The traditional algorithms are based on performing the operation on one place value at a time with transitions to the next position. They involve trades, regrouping, "borrows," "carries" or

__D__ead__M__onkeys__S__mell__B__ad! The procedures are rigid.**Traditional algorithms take the understanding out of place value. They are "digit oriented." They rely on procedures or steps that must be done in a specific order and usually start in the ones place.**

Look at theses examples of traditional algorithms for addition and subtraction. They follow a procedure.

Think about what is being said as you solve this problem: 7 plus 8 is 15. I put down the 5 and carry the 1. One plus 5 plus 3 is 9. Three plus 2 is 5. The answer is 595.

Think about what is being said as you solve this problem: 3 minus 7, you can't do it so you have to go next door and borrow 1. Since they don't have any to give you they go next door and borrow one. The 3 becomes a 2 and the zero becomes a ten. Now they have one you can borrow so the ten becomes a 9 and the 3 becomes a 13. Now you can subtract! 13 minus 7 is 6, 9 minus 6 is 3 and 2 minus 1 is 1. The answer is 136.

Invented strategies involve taking apart and combining numbers in a wide variety of ways. They are "number oriented." Most of the partitions of numbers are based on place value and start in the largest place.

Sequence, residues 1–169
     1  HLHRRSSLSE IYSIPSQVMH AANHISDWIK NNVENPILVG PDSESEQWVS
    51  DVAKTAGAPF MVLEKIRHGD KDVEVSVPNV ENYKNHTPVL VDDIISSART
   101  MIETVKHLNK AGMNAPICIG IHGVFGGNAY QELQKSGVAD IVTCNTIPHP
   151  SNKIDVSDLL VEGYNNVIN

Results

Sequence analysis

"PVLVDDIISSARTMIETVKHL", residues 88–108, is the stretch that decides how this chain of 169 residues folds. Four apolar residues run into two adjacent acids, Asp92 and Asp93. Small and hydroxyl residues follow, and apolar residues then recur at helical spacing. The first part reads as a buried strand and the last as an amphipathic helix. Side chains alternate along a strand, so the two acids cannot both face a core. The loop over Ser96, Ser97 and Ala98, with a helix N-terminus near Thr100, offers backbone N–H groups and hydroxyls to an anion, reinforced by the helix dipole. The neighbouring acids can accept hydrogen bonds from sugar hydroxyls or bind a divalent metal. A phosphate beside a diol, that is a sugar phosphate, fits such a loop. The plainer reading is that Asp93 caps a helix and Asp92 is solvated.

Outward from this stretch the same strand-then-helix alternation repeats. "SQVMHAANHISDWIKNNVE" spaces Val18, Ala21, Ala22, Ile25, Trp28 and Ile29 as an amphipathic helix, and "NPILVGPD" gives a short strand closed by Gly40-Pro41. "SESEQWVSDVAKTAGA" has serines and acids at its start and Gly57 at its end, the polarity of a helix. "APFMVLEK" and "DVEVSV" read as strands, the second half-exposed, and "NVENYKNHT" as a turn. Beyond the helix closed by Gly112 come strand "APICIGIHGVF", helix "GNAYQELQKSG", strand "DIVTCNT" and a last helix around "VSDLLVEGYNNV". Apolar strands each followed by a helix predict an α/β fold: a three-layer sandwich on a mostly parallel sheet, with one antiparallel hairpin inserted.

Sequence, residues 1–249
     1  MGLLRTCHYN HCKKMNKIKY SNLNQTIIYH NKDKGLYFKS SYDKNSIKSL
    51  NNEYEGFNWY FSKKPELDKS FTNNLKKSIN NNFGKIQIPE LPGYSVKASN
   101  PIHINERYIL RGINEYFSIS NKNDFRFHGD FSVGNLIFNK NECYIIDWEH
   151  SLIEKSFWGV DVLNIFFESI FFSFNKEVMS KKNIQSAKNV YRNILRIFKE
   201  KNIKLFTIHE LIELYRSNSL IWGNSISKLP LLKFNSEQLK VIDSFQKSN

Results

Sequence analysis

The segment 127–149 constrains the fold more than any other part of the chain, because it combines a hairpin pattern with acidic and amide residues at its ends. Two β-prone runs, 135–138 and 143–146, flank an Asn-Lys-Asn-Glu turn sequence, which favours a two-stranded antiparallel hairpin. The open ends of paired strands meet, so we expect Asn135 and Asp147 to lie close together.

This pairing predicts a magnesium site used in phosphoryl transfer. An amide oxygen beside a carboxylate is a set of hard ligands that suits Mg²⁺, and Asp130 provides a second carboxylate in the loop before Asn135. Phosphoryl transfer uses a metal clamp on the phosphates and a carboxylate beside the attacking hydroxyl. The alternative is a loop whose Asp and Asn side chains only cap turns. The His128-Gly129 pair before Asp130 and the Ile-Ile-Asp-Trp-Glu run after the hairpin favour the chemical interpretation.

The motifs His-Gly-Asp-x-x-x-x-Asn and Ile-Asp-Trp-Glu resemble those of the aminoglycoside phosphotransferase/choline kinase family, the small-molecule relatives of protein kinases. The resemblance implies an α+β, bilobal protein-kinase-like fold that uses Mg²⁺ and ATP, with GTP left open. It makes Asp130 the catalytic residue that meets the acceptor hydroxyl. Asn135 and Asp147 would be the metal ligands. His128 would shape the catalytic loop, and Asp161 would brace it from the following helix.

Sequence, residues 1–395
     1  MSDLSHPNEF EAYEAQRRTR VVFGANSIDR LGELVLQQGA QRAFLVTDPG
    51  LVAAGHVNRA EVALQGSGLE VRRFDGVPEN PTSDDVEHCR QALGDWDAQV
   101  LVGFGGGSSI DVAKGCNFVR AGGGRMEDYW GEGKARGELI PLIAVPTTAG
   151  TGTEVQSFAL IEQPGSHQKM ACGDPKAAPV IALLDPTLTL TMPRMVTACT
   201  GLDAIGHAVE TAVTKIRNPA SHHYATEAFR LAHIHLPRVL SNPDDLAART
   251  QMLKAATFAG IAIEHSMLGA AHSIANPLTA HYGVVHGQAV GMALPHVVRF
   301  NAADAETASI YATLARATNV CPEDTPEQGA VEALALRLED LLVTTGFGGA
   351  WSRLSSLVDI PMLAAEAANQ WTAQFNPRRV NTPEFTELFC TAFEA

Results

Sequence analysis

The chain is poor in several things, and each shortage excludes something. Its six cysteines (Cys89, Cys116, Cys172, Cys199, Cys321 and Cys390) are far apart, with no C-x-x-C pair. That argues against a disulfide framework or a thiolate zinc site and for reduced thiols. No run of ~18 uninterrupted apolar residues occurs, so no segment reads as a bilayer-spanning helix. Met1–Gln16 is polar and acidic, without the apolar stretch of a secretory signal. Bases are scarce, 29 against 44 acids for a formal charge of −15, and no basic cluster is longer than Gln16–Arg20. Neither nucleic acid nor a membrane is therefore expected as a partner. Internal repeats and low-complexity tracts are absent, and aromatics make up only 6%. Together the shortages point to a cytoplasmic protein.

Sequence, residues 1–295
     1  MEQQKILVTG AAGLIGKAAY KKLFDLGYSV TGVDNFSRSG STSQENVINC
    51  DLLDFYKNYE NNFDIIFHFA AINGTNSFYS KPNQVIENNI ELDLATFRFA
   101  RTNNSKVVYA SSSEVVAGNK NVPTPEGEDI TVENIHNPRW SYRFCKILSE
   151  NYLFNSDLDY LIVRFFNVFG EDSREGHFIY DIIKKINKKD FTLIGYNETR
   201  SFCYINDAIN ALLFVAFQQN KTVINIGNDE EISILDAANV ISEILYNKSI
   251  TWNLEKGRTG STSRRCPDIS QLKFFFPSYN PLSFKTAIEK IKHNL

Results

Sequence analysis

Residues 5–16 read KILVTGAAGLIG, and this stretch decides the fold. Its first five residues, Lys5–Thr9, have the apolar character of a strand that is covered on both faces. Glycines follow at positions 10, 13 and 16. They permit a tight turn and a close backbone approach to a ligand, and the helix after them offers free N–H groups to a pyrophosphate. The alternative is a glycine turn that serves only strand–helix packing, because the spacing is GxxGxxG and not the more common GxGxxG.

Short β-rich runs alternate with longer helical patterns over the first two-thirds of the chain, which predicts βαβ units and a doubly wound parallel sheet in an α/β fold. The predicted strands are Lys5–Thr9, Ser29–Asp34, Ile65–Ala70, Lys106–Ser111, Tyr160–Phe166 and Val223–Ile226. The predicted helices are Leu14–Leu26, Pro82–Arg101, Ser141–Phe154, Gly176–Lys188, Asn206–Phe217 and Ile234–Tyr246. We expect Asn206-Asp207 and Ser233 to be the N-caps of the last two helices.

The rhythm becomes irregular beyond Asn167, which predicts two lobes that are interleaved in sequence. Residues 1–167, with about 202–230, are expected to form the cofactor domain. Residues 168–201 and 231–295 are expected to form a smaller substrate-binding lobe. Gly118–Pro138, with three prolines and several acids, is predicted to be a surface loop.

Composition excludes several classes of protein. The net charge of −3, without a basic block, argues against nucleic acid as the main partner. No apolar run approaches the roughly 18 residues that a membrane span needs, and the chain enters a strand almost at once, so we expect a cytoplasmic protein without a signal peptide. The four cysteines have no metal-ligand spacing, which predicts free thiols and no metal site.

Think about what is being said as you solve this problem: 300 plus 200 is 500, 50 plus 30 is 80 and 7 plus 8 is 15. I add them together and 500 plus 80 equals 580 plus 10 is 590 plus 5 more is 595. The answer is 595.

Think about what is being said as you solve this problem: 300 minus 100 is 200. Since I know 67 + 33 gets me to 100 then 200 - 67 is 133. But I still have the 3 ones in 303 that I need to give back. 133 plus 3 is 136. The answer is 136.

Your Turn:

Think about the traditional algorithms for multiplication and division. Are they rigid procedures? Are they "digit oriented?" Do they build understanding of number relationships?

Be careful: Don't turn an invented strategy into a "procedure."

Your Turn:

Think about the traditional algorithms for multiplication and division. Are they rigid procedures? Are they "digit oriented?" Do they build understanding of number relationships?

Be careful: Don't turn an invented strategy into a "procedure."

Students must be allowed to develop their own strategies based on their own understandings!

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ReplyDeleteThere is a clear distinction between the traditional and invented algorithms and this shows how learning has evolved. I will be recommending this site to our clients who are majorly students accessing our professional writing and editing services offered by Genuine Case Study Writers.

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